Minh Ly's Ga Ting, a co-production by Vancouver Asian Canadian Theatre and the frank Theatre Company that closes today after a very successful run at the Richmond Cultural Centre, is not your typical domestic melodrama. On a business trip to Toronto, the Caucasian Matthew (Michael Antonakos) visits Hong and Mei Lee (a perfectly cast BC Lee and Alannah Ong). The Lees are the Chinese parents of Matthew's dead boyfriend, Kevin, with whom he lived for three years in Vancouver. Matthew, excluded from Kevin's funeral, wants some closure to his grief, and the Lees--or at least, Mei--wants to know more about Kevin's life with Matthew.
Alternating between Chinese and English surtitles, the play begins by exploiting over the meal Mei has prepared the awkwardness of the protagonists, upending various cultural stereotypes for comic effect. For example, the initially monosyllabic Hong baits Matthew about his gift of bamboo and even momentarily convinces him that he and his wife are Korean, before asking the mortified visitor if he sees any kimchi on the dinner table. Soon, however, things turn serious, as Matthew accuses the Lees of alienating their son by not supporting his choice of career as an artist, and by refusing to talk about his sexual orientation or his bipolar disorder. Hong, meanwhile, blames Matthew for Kevin's death by keeping him in Vancouver and introducing him to a depraved gay lifestyle (although never stated explicitly, it's implied Kevin has died of a drug overdose). Mei, meanwhile, attempts to mediate between these two hot-headed men, asking Matthew how he and her son met and chastising her husband for being so rude.
At times the circularity of these arguments can feel a bit static and repetitive, not helped by how long the trio sits at the dining room table. But Ly helps break things up structurally with occasional flashbacks, exploited nicely by director Rick Tae through lighting and sound effects: here we're filled in on some of the details of Matthew and Kevin's life together, as well as the depth and complexity of the Lees' love for their son.
Ly clearly struggled with how to end the play, and right now there are about four different dramatic climaxes, none of them entirely satisfactory. I would have left things with Matthew's gift of Kevin's painting--which, we're told, includes all present as part of Kevin's family, and which allows Hong to articulate just how talented was his son as an artist. But accompanying this is Matthew's revelation that just prior to Kevin's death, he had left him, unable to deal with his boyfriend's mood swings and drug use any further. This leads Mei, previously Matthew's ally, to swing over to her husband's side, in effect accusing Matthew of killing her son by not loving him enough. Dramatically I understand why this reversal of positions is there, especially when juxtaposed against the play's brief coda--which puts Matthew at Kevin's graveside sometime in the future, when relations with the Lees seem to have thawed, but which casts the Lees backwards into the past, when they first learn of Kevin's acceptance to art school in Vancouver. In the latter vignette, it is revealed just how proud both parents have always been of their son; but we also learn that it is Hong, and not Mei, who first intuits Kevin is gay.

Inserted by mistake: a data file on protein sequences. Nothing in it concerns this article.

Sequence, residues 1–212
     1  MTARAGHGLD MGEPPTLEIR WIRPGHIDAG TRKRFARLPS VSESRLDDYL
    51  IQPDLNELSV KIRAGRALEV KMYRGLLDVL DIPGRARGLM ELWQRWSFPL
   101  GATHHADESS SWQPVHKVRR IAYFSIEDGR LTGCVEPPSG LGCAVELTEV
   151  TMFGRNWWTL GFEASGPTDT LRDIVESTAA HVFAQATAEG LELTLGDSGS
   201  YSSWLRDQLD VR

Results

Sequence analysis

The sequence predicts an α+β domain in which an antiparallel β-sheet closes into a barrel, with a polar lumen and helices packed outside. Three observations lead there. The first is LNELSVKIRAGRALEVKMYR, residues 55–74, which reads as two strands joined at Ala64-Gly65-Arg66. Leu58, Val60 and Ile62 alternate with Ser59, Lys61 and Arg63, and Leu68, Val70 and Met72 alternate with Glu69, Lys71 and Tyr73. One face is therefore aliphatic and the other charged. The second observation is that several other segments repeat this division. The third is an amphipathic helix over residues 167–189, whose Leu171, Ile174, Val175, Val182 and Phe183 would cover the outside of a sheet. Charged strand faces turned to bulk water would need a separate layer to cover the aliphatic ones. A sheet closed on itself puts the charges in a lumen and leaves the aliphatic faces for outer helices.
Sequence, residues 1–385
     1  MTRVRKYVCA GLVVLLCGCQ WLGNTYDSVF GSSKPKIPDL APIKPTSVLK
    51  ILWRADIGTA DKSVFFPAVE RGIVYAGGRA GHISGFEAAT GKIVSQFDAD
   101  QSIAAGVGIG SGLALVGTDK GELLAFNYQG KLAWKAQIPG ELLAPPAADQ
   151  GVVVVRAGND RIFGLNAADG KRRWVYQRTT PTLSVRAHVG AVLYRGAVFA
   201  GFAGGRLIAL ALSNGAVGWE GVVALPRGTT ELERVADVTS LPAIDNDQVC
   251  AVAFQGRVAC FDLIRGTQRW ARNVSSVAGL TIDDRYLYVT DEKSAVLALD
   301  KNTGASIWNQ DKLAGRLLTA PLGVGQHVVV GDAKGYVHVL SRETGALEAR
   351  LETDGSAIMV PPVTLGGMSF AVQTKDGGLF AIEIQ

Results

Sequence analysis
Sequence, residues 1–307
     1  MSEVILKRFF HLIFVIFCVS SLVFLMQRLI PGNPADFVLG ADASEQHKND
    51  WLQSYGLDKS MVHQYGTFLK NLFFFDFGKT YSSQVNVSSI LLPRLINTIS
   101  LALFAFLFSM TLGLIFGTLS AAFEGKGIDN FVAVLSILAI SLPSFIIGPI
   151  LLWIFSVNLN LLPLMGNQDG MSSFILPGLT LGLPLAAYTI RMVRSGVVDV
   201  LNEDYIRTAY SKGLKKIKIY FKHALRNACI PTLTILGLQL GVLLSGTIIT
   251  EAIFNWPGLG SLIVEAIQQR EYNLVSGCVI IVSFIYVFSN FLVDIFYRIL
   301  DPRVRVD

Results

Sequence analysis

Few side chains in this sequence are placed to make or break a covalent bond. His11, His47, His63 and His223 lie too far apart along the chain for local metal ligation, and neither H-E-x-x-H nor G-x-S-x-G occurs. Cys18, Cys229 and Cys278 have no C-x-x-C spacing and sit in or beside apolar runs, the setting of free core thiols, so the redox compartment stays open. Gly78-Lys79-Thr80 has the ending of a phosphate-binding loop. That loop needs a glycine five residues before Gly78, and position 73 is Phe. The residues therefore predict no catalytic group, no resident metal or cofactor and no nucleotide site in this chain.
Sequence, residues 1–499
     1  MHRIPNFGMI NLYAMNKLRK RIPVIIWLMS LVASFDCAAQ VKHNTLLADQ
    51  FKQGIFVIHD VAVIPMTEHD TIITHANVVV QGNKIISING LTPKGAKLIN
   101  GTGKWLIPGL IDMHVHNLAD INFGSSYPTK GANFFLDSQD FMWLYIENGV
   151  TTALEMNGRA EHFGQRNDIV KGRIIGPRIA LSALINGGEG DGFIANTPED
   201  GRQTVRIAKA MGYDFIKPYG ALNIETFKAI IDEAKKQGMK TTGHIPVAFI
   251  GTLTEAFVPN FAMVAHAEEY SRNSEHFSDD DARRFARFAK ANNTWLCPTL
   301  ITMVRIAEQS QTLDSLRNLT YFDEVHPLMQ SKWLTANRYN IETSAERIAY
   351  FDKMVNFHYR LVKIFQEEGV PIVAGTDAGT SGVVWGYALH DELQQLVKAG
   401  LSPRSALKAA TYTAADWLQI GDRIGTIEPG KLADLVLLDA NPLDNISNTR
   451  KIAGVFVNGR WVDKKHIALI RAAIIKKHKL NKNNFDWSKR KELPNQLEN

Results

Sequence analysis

I appreciate the way in which this helps to redeem Hong's character, hitherto in danger of seeming a one-note patriarch. But it feels that this comes at the expense of Mei's character, and the way in which she turns on Matthew seems a bit dishonest to me.
That said, Ga Ting is still a very affecting play, with much to say to multiple communities about who and what constitutes a family.